Stinging Nettle vs Dead Nettle – the differences

Confused about the differences between common nettle (stinging nettle) and purple dead nettle?

Here’s how to confidently tell them apart!

common nettle vs dead nettle the differences

Basic Plant Information:

Purple Dead Nettle

Latin name: Lamium purpureum

purple dead nettle is much shorter than stinging nettle
Purple dead nettle doesn’t get very tall, while stinging nettle can grow 4,5, or even 6 feet tall!

Growing details: winter annual that can grow up to 16 to 18″ tall, but is often about 12″

Purple dead nettle leaves often show up in late winter, with flowers appearing in early spring. Once hot weather arrives, the plant fades out until the weather turns cool again.

Stinging Nettle

Latin Name: Urtica dioica

stinging nettle seedlings in early spring
Stinging nettle leaves starting to pop up in spring.

Growing Details: a perennial plant that can grow 5 to 6+ feet tall

Stinging nettle grows tall in the summer, then dies down over winter, reappearing as small sprouts in early spring.

purple dead nettle beside stinging nettle to show their physical differences

Tips to Tell Common Nettle apart from Dead Nettle

Key Feature

The most notable difference between common nettle and dead nettle is that stinging nettle is covered with very tiny stinging hairs, called trichomes. If you grab stinging nettle, or even brush your hand against it, you will almost instantly know, because your skin will feel very irritated!

In contrast, dead nettle gets its name because it has no sting – the sting is “deadened” or completely absent. You can handle purple dead nettle all you want, and it will not sting your skin!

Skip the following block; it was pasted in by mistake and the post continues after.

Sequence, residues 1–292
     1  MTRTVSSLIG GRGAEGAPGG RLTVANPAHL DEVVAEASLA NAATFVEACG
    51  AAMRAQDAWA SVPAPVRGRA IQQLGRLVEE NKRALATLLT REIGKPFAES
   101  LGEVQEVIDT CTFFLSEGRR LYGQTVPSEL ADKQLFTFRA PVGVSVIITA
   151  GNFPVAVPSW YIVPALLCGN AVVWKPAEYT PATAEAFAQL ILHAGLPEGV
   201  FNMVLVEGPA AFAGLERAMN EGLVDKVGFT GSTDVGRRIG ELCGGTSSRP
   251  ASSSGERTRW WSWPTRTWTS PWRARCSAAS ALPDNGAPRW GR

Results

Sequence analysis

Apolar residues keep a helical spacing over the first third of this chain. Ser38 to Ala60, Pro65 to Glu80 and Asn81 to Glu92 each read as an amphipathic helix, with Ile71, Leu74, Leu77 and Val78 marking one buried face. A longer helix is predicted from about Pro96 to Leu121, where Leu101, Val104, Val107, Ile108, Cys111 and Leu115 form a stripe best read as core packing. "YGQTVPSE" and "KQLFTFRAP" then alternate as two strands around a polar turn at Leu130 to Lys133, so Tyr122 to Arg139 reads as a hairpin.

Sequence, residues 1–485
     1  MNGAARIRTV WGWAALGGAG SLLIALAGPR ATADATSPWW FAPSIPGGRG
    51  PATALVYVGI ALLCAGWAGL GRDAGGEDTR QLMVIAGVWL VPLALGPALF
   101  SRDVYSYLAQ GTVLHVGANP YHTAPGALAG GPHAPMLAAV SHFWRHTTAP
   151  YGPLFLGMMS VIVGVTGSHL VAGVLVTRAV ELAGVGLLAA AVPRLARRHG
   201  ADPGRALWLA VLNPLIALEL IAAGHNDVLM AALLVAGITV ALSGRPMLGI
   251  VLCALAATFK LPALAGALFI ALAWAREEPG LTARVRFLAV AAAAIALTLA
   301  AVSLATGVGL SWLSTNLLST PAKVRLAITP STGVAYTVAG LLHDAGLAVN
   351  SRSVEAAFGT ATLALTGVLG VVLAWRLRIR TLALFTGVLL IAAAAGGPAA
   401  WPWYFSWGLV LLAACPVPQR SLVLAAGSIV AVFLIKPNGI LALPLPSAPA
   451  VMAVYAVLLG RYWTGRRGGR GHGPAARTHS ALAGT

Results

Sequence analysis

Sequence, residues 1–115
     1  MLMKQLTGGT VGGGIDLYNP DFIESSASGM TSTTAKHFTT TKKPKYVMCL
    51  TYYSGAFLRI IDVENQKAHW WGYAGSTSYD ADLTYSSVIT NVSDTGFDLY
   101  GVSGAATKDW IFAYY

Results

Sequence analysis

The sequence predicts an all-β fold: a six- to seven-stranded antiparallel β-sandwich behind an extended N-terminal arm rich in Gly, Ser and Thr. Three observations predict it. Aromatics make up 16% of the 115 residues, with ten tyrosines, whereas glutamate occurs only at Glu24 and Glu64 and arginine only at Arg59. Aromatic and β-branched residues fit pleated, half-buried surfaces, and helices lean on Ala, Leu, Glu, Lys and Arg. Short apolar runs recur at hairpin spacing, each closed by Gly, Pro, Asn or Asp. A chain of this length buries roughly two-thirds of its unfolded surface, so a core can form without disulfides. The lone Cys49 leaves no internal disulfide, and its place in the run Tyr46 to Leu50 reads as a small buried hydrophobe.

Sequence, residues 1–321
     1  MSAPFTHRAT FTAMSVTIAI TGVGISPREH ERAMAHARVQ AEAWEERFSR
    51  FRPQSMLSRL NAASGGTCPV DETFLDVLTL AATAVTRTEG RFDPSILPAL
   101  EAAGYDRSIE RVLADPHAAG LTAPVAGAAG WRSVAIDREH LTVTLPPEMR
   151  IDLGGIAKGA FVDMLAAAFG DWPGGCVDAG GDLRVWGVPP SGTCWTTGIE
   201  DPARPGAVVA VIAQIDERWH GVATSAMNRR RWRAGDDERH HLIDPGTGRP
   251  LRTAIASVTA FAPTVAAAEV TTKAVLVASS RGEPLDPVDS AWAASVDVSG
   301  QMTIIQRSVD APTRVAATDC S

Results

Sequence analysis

common nettle and dead nettle leaves compared side by side comparison


The leaves of stinging nettle are covered in fine, stinging hairs and are dark green, deeply serrated, and pointy at the tips. They grow opposite from each other on the stem. When the stinging nettle plant is very young, the new leaves may have a purple tinge to them.

Purple dead nettle leaves are triangular or spade shaped. They start out green, but usually turn to purple as they mature. The leaves of dead nettle do have hairs on them, but they aren’t stinging hairs, so they’re completely safe to handle without gloves. (Unless you’re allergic!)

nettle has white flowers while dead nettle has purple flowers
The flowers of common nettle are tiny and white, while the flowers of dead nettle are purple (or lavender). Purple dead nettle flowers also bloom a lot sooner, in early spring, while common nettle’s white flowers appear later, around May or late spring.


Stinging nettle flowers are very tiny and are white or greenish-white. They hang down from the leaf axil. (The part of the stem where the leaf grows from.) They bloom in late spring to early summer – around here (USDA zone 7b) that’s usually in May.

Purple dead nettle flowers are purple or lavender and grow at the top of the plant. They bloom in late winter or very early spring. Once the weather heats up, the blooms and plants fade out.

Related Articles:

We also have even more in depth articles about foraging and using both of these nettles!

Differences Between Henbit and Purple Dead Nettle

Foraging Stinging Nettle + Uses

Our articles are for information and idea-sharing only. While we aim for 100% accuracy, it is solely up to the reader to provide proper identification. Be sure to seek out local foraging classes and plant walks, and invest in mushroom and foraging guides suitable for the area you live in, since some wild foods are poisonous, or may have adverse effect.

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